Evangelism and interfaith relations

Doing evangelism in a world increasingly averse to it.

Bert B. Beach, Ph.D., is former director of the Public Affairs and Religious Liberty Department, General Conference of Seventh-day Adventists, Silver Spring, Maryland, United States.

Being an authentic Christian implies being able to love. Being an authentic Adventist demands that and being an evangelist at the same time. While it is popular in Christian churches today to lift up the Great Commandment of love, there is an increasing tendency to overlook the Great Commission to "go into all the world, and preach the gospel to every creature" (Mark 16:15). The last recorded words of Jesus call for His fol lowers to be witnesses "to the uttermost parts of the earth" (Acts 1:8). Many of these "utter most parts" are dominated by such world religions as Islam, Buddhism, Hinduism, and, to a lesser extent, Judaism. Therein lies the potential for friction, if not confrontation.

The world is the Adventist parish

Early Adventists developed a world vision of "the work." Over a few short years they moved from the stifling "closed door" concept to the broader view of their "field" being the United States, and, finally, on to the exciting vision of a world church going to the ends of the earth.

The Christian church is, of course, called to be a world movement. This was confirmed for all time at the Jerusalem Council (Acts 15) where it was made clear that the church is not to be a Jewish subset, but a world church with a universal gospel, not a local or ethnic sect.

John Wesley was correct when he said, "The world is my parish." This concept, how ever, was not appreciated by the ecclesiastical establishment of his day. Even today, there are various religious forces that promote, some with legal support, established, canonical territory. Thus there are nationalistic and cultural traditions that inhibit world evangelism. The Seventh-day Adventist answer to such limitations has been, and still is, to maintain the mantra that "the field is the world," "the harvest is the end of the world" (Matt. 13:38, 39), and there is urgency to go "from everywhere to everywhere."

While the writings of Ellen G. White are clear regarding the necessity to fulfill the task of world evangelization, she offers very little guidance as to how to meet the non-Christian religions. Mrs. White makes practically no reference to Islam, Hinduism, Buddhism, Confucianism, Shintoism, Sikhism, or Taoism. She makes one statement about Muslims and their denial of the divinity of Christ, and urges Christians to be zealous in teaching "the preexistence of the only Savior of the world."1 However, Mrs. White does enunciate an overriding principle: "Christ recognized no distinction of nationality or rank or creed.... Christ came to break down every wall of partition: He came to show that His gift of mercy and love is as unconfined as the air, the light, or the showers of rain that refresh the earth."2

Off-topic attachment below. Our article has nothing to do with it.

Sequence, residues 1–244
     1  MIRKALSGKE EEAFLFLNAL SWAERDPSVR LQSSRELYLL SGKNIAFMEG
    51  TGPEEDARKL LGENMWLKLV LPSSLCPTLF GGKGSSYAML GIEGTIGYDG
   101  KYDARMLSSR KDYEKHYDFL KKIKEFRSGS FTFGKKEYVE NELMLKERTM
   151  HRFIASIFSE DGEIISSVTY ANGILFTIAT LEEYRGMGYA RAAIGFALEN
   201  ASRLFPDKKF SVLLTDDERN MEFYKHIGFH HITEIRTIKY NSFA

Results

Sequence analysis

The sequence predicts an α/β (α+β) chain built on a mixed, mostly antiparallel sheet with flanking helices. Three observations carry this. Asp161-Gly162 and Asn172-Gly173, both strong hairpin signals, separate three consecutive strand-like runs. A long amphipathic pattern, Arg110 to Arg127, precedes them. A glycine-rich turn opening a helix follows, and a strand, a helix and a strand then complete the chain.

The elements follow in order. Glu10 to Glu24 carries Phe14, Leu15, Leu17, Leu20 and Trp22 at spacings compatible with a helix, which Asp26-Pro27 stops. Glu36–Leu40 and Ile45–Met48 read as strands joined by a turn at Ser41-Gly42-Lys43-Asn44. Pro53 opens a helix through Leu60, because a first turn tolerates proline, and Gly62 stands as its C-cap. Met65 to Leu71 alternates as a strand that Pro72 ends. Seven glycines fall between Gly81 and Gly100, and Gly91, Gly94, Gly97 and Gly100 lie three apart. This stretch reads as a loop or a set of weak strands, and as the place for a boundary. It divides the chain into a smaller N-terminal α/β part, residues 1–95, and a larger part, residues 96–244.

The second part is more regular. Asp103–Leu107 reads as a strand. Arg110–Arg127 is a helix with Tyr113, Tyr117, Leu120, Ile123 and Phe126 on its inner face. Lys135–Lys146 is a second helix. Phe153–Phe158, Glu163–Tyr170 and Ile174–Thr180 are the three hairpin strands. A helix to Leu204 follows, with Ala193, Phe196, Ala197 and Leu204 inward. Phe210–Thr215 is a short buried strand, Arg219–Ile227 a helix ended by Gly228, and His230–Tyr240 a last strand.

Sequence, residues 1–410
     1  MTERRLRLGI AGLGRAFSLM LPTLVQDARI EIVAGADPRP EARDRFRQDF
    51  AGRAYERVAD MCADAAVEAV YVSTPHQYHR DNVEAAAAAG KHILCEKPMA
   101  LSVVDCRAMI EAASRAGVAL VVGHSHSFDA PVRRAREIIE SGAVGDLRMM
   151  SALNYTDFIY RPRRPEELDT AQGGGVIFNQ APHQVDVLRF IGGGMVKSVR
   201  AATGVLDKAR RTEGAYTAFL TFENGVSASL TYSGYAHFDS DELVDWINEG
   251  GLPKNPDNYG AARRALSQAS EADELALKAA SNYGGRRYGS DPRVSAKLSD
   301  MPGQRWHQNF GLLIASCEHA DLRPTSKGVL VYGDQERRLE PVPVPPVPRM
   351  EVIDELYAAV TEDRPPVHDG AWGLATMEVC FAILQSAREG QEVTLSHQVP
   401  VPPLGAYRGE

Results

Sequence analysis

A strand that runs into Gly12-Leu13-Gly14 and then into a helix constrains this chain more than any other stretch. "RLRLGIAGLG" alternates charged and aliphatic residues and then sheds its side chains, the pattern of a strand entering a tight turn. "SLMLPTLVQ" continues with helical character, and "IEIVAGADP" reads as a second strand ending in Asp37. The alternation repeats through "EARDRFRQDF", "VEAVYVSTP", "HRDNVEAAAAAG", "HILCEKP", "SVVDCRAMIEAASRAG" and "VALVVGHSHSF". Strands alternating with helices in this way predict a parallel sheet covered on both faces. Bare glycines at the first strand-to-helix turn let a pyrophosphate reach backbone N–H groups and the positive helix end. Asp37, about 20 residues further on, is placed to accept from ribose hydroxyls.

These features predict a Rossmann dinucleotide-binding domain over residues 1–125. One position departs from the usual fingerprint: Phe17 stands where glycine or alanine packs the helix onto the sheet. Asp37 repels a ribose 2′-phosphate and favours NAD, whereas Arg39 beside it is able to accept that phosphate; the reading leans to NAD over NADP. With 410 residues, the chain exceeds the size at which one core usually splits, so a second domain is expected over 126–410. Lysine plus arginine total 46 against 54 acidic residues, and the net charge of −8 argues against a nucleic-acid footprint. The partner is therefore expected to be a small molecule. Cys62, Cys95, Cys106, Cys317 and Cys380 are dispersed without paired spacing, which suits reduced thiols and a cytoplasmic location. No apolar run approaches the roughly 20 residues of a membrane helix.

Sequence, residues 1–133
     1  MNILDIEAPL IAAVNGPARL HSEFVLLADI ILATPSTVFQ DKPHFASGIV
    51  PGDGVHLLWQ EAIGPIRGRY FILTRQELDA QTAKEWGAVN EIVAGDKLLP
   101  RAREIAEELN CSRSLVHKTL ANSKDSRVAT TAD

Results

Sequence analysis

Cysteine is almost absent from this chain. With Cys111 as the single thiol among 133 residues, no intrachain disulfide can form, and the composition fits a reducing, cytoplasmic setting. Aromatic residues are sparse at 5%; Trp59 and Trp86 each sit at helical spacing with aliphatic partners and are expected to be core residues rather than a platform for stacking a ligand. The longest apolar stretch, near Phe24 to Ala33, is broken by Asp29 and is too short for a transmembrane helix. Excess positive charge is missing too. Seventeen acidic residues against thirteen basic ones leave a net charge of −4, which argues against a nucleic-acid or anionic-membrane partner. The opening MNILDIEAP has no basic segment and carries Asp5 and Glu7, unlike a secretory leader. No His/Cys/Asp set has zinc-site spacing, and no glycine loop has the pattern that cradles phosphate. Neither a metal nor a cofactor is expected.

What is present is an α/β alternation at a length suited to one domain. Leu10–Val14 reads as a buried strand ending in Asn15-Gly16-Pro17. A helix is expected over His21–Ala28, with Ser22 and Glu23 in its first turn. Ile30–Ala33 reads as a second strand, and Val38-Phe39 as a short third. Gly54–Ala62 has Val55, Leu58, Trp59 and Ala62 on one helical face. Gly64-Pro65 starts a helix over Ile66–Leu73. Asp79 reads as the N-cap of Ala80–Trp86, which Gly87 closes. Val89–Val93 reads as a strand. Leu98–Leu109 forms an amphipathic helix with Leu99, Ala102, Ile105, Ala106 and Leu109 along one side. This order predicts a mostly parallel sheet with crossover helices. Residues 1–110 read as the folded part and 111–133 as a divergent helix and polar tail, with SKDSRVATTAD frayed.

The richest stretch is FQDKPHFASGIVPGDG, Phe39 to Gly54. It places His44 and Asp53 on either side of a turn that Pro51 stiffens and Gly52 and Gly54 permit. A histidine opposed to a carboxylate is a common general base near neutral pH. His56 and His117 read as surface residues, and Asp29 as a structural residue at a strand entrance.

Dealing with Judaism—some suggestions

The one non-Christian religion Ellen G. White actually deals with is Judaism. She says that many Jews are to be won to Christ. Perhaps she was referring to latent anti-Semitism when she wrote that Adventists "should not despise the Jews"3 and that "there is to be no erecting of barriers. . . . Our work is to be given as freely to the Jews as to the Gentiles."4

Mrs. White also presents two principles in dealing with the Jews that could very well have some general application to other world religions:

1. The approach should not be to destroy the "Jewish economy," but to develop it with the truth. In other words, we are to work on the plan of progression, rather than discontinuance.5 Of course, this is clearer in the case of Judaism than it is in the case of other religions. Nevertheless, can we not suggest that our task is not to "destroy," but to "develop"?6

2. Jews are to be used as an effective force to labor for Jews.7 The principle is to use those best acquainted by personal experience with the religion concerned. This can be a most effective bridging contact.

There is, however, one demur. Converts, at times, because of the trauma associated with change and conversion, can be a little unbalanced or extreme, and this can mitigate against their effectiveness in working with others from their former community.